8. Grab a beer
They’re big on beer in Seattle. The city is home to the most beer-makers in the whole country, with over 174 breweries in the city from artisan small-batches to huge productions. They’re not fussy about what they produce either, so you’re bound to find a new favourite whether you’re after IPA’s, stouts, sours or lagers. The Ballard, Freemont and SoDo are all bursting with craft breweries, so make an afternoon or evening of it and whisk yourself off on a beer bar crawl. If you need a little help, check out the Ballard Brewed Passport, created by Visit Ballard. The self-guided map includes 11 breweries within a one-mile radius and you collect a stamp at each location. You’ll some commemorative drinkware at the end of it and it’s free to download too.
9. Get to grips with aviation
The Museum of Flight is one of the country’s largest air and space collections and it’s stuffed full of aircraft and spacecraft, thousands of artefacts, millions of rare photographs and dozens of exhibits that bring the history of flight to life. You can see the Boeing Lunar Rover and an Air Force One from the Eisenhower era too. If that hasn’t quenched your appetite for all things flight, head to The Future of Flight Aviation Center for a 90-minute tour that covers the past, present and future of human flight, with entry to the Boeing Factory.
10. Get your caffeine fix at Starbucks Reserve Roastery & Tasting Room
Alright, so Starbucks are two-a-penny in Seattle, unsurprising given that Starbucks started off in a tiny cafe at Pike Place Market in 1971. But if you’re a real superfan, you might want to check out this special Starbucks experience. The Willy Wonka-esque wonderland showcases exclusive beverages, various brewing methods, a coffee library, and more.
11. Explore Seattle’s Indie enclave
True, there’s more to Fremont than hipsters and indies, but we’ll venture that it’s one of the best thing about this arty, bohemian neighbourhood. It’s where you’ll find some of the city’s best vintage stores and boutiques, like PIPE + ROW and Show Pony. There’s lots of public art here too. It’s long been considered a safe haven for hippies and artists; its nickname used to be The People’s Republic of Fremont or The Artists’ Republic of Fremont.
12. Then met the Fremont Troll
Don’t miss another of Seattle’s quirky landmarks – the Fremont Troll located under George Washington Memorial Bridge. It’s a nod to the city’s Nordic heritage and depicts the Norwegian folk story of a troll who lives under a bridge. The 18-foot troll is made of cement. Look closely and you’ll notice he’s grasping a VW car – it’s actually a real car that has been encased in concrete.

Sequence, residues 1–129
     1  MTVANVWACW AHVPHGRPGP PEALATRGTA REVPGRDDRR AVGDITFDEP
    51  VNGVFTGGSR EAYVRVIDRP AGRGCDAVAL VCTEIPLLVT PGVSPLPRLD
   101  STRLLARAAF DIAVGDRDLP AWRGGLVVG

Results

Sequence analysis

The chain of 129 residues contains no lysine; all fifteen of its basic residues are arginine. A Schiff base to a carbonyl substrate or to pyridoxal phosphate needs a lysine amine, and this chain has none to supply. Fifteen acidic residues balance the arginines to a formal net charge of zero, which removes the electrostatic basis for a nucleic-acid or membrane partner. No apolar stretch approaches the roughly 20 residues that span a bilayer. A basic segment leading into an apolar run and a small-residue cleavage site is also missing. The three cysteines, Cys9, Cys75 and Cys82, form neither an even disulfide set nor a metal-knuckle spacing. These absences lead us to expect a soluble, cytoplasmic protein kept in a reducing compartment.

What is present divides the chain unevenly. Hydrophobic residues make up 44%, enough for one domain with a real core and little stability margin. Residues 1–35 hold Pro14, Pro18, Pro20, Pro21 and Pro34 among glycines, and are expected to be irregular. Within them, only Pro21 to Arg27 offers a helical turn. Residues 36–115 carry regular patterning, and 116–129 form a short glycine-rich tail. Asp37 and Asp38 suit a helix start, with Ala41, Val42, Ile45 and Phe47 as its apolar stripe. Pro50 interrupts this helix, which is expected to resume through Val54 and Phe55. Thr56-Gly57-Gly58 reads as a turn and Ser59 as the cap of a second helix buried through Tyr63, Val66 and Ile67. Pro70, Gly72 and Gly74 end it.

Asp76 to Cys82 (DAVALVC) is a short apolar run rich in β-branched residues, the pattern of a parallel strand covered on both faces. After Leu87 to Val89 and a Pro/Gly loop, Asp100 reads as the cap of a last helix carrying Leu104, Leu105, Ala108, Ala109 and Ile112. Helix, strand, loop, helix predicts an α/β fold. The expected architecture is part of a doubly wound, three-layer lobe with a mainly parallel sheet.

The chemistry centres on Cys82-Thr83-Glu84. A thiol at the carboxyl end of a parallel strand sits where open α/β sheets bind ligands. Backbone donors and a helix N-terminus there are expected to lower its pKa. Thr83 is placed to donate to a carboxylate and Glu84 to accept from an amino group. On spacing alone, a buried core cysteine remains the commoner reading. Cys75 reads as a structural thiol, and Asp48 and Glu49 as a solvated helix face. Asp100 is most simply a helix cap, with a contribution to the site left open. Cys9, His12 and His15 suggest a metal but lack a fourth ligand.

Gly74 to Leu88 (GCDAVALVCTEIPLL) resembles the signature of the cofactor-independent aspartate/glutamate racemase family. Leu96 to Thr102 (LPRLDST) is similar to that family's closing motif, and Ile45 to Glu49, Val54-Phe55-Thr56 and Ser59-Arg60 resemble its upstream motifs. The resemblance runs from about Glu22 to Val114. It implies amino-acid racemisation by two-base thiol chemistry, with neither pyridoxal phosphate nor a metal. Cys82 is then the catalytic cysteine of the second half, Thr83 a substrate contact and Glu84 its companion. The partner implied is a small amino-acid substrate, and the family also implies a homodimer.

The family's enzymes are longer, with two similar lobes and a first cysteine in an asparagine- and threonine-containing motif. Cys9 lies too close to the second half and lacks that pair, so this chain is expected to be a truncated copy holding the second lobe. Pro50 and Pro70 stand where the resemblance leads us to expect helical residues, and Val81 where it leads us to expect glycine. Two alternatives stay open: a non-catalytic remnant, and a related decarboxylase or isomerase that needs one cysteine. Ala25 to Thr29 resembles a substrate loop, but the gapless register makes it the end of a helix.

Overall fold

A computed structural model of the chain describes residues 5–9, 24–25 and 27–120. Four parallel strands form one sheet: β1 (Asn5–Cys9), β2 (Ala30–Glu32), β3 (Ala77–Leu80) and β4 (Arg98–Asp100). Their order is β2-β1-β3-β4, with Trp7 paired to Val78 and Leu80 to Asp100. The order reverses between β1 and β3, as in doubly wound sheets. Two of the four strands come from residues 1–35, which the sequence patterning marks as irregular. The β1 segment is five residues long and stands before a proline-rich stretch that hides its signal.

13. Dive deep into the region’s history
To really get under the skin of a city, it’s never a bad idea to brush up on how it came to be. Seattle’s Museum of History and Industry (MOHAI) offers a comprehensive history of the whole region, with over four million artefacts for you to peruse too. It’s a diverse and collection, encompassing everything from a pink truck with toes to Boeing’s first commercial aeroplane built in 1919.
14. Explore the greener side to Seattle
Seattle isn’t short of green space, hence the nickname ‘Emerald City’. If you’re looking for a breath of fresh air without getting out of the city, head to Discovery Park – Seattle’s largest park. Stretching 500 acres across northern Seattle, you’ll find meadows, hiking trails and beaches here. There’s also a cultural centre and play area for kids, and some brilliant wildlife treks if you’ve got the stamina.
15. Stretch out in the sun, lakeside
Lake Union offers another sunny escape in the heart of the city. You can explore the giant lake by electric boat or kayak, or just soak up the rays on the grassy areas alongside it. If you’ve got the budget, book a seaplane tour with Kenmore Air. The 20-minute tours offer a totally different perspective of the lake, with great views of the University of Washington campus, downtown Seattle and the city’s blockbuster stadiums.